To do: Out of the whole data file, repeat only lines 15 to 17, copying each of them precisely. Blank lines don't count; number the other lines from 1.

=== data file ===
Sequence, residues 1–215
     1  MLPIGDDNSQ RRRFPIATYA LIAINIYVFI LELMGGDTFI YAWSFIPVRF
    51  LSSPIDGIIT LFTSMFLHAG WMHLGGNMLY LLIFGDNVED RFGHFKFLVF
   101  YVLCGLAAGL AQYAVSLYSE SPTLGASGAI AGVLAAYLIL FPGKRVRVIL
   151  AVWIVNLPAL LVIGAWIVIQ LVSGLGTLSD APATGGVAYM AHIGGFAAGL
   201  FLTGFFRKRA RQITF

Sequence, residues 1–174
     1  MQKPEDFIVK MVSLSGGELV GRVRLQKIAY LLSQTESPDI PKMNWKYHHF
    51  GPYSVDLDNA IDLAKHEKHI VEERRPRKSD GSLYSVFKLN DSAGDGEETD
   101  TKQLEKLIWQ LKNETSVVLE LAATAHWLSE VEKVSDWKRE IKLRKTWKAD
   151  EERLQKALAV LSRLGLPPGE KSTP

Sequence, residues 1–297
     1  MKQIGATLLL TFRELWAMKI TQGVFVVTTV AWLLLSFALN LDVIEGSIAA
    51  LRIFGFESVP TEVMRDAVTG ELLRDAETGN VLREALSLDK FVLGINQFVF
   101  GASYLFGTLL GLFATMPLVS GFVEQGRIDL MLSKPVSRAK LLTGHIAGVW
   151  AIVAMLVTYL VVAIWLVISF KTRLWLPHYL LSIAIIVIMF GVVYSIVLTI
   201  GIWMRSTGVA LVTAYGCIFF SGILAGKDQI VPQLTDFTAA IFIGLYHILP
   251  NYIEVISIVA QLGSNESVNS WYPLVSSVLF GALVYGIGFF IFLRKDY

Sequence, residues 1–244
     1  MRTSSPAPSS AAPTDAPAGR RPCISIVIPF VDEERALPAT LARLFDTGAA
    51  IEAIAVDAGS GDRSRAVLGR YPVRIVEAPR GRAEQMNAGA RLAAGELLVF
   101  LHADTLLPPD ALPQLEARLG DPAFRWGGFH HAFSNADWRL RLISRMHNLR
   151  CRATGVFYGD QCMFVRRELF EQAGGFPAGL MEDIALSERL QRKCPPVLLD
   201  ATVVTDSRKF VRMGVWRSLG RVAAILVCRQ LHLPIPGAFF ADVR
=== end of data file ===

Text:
   101  GASYLFGTLL GLFATMPLVS GFVEQGRIDL MLSKPVSRAK LLTGHIAGVW
   151  AIVAMLVTYL VVAIWLVISF KTRLWLPHYL LSIAIIVIMF GVVYSIVLTI
   201  GIWMRSTGVA LVTAYGCIFF SGILAGKDQI VPQLTDFTAA IFIGLYHILP